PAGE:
U.S. Senate

Senate control looks tantalizingly close for the GOP, but Democrats still have a fair chance to hold the line.

National Journal

By Scott Bland, Andrea Drusch and Alex Roarty
October 13, 2014

Three weeks before Election Day, Republicans are on the brink of winning the Senate. But their advantage is so slight that a morale-sapping defeat is still very much possible.

That’s the state of play in the latest edition of National Journal Hotline’s Senate race rankings. At this point, it looks like Republicans have the inside track on taking over six red states currently represented by Democrats, and two of this year’s rock-star GOP nominees also have Democrats on the ropes in a pair of swing states, Iowa and Colorado. Those states could give Republicans some breathing room if a state such as Alaska surprises when the returns come in. But late-breaking trouble in Kansas, of all places, has opened the door to continued Democratic control a little bit wider.

Democrats currently control 55 seats in the Senate, meaning the GOP has to win six to take over the chamber. As we’ve said before, the best way to think about the Senate landscape is in tiers: The top three states look very likely to flip; the GOP appears to have smaller advantages in the next three states; the next bloc of three look like something close to pure toss-ups; and the incumbent party is favored in the races after No. 9. The races in our list are ordered by the likelihood of the seat flipping between the parties.

1. Montana (Open D, Sen. John Walsh retiring) (Previous ranking: 3)

Montana Democrats are on their third candidate of the cycle at this point (fourth, if you count Brian Schweitzer’s planned-then-canceled bid) after Walsh withdrew following graduate-school plagiarism revelations. That, in a nutshell, shows why the state has been the Democrats worst Senate race of 2014. It’s almost hard to remember that last year, most analysts believed either Sen. Max Baucus or the former Gov. Schweitzer would hold the seat for their party. Now, GOP Rep. Steve Daines is nearly certain to win against Democratic state Rep. Amanda Curtis, which will mark the first time a Republican will hold the seat in more than 100 years.

2. West Virginia (Open D, Sen. Jay Rockefeller retiring) (Previous: 2)

Democratic Secretary of State Natalie Tennant hasn’t done badly at all in this race, but GOP Rep. Shelley Moore Capito is just too strong and the state too conservative. This race has never really been on the radar, despite some late July spending by Senate Majority PAC—which just happened, coincidentally we’re sure, to almost match the $250,000 Rockefeller donated to the Democratic super PAC this year.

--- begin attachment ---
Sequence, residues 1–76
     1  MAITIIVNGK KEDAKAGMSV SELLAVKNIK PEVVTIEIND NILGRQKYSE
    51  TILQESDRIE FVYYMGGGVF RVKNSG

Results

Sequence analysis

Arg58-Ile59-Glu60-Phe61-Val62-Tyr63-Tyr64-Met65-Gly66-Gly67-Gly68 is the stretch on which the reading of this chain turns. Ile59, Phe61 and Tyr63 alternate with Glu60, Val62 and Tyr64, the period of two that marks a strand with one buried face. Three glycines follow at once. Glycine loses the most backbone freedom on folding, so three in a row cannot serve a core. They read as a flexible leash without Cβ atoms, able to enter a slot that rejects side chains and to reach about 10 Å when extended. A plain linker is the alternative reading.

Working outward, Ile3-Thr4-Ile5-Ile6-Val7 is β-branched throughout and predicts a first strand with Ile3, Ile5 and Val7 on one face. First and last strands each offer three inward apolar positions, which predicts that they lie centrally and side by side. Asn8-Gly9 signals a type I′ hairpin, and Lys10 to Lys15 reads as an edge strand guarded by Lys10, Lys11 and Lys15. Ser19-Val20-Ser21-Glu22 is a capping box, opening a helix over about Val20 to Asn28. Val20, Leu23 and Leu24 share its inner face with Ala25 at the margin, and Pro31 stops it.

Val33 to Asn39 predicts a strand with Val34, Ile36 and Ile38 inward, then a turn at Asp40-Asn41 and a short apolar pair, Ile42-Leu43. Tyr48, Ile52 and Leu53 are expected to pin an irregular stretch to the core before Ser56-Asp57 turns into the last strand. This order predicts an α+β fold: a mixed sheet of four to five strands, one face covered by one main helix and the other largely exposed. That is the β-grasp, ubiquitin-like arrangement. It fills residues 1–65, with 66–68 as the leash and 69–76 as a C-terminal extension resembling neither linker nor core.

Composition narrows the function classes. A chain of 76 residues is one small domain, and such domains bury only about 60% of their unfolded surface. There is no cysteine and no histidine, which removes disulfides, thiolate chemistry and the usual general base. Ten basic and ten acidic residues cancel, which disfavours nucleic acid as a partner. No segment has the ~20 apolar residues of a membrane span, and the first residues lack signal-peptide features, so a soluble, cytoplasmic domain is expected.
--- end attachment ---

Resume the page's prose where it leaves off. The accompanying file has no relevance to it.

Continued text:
3. South Dakota (Open D, Sen. Tim Johnson retiring) (Previous: 1)

Almost overnight, this race has risen from the dead. Make no mistake: Former GOP Gov. Mike Rounds is still the favorite here. But a coalition of outside groups has been hammering Rounds on his involvement in a visa scandal, and the Democratic Senatorial Campaign Committee said its internal polls showed a close-enough race to prompt a late $1 million TV blitz that started this week. The National Republican Senatorial Committee is responding with $1 million of its own. But with Rounds, Democrat Rick Weiland, and former Sen. Larry Pressler—a former Republican-turned-Obama-praising independent—splitting votes, each side faces a puzzling question of where to direct its firepower. While Rounds still solidly holds control of this race, Republicans are lamenting a lack of effort from what should have been a sure-thing campaign, forcing them to spend money in an unexpected place while other races around the country remain tightly contested.

4. Louisiana (D, Sen. Mary Landrieu) (Previous: 4)

The last few months have dulled some of the shine on Landrieu’s vaunted political operation. First were a series of damaging stories about billing taxpayers for private plane rides, followed by news that her campaign manager was being replaced just a month before Election Day. Both have increased the palpable sense that the Bayou State’s three-term senator is an underdog in her fight against GOP Rep. Bill Cassidy. Polls show the Republican physician, whose own campaign hasn’t blown anyone away, with a slight edge on Landrieu. Still, this race is headed to a Dec. 6 runoff, and it’s impossible to predict what that one-month contest will look like. (For example, whether the Senate majority is still at stake would have a major effect on the campaign.)

5. Arkansas (D, Sen. Mark Pryor) (Previous: 6)

This race is swinging back the way Republicans had always planned, a battle that has less to do with two-term Sen. Pryor’s personal qualities and everything to do with an unpopular national Democratic agenda. Considering how inhospitable the state has become, Pryor may actually be exceeding expectations by keeping the race within a few points all summer. The Democrat has done everything he can to paint conservative superstar Tom Cotton as out of step with Arkansas. But Cotton’s military background has come in handy as voters’ attention shifted to foreign policy late this year.

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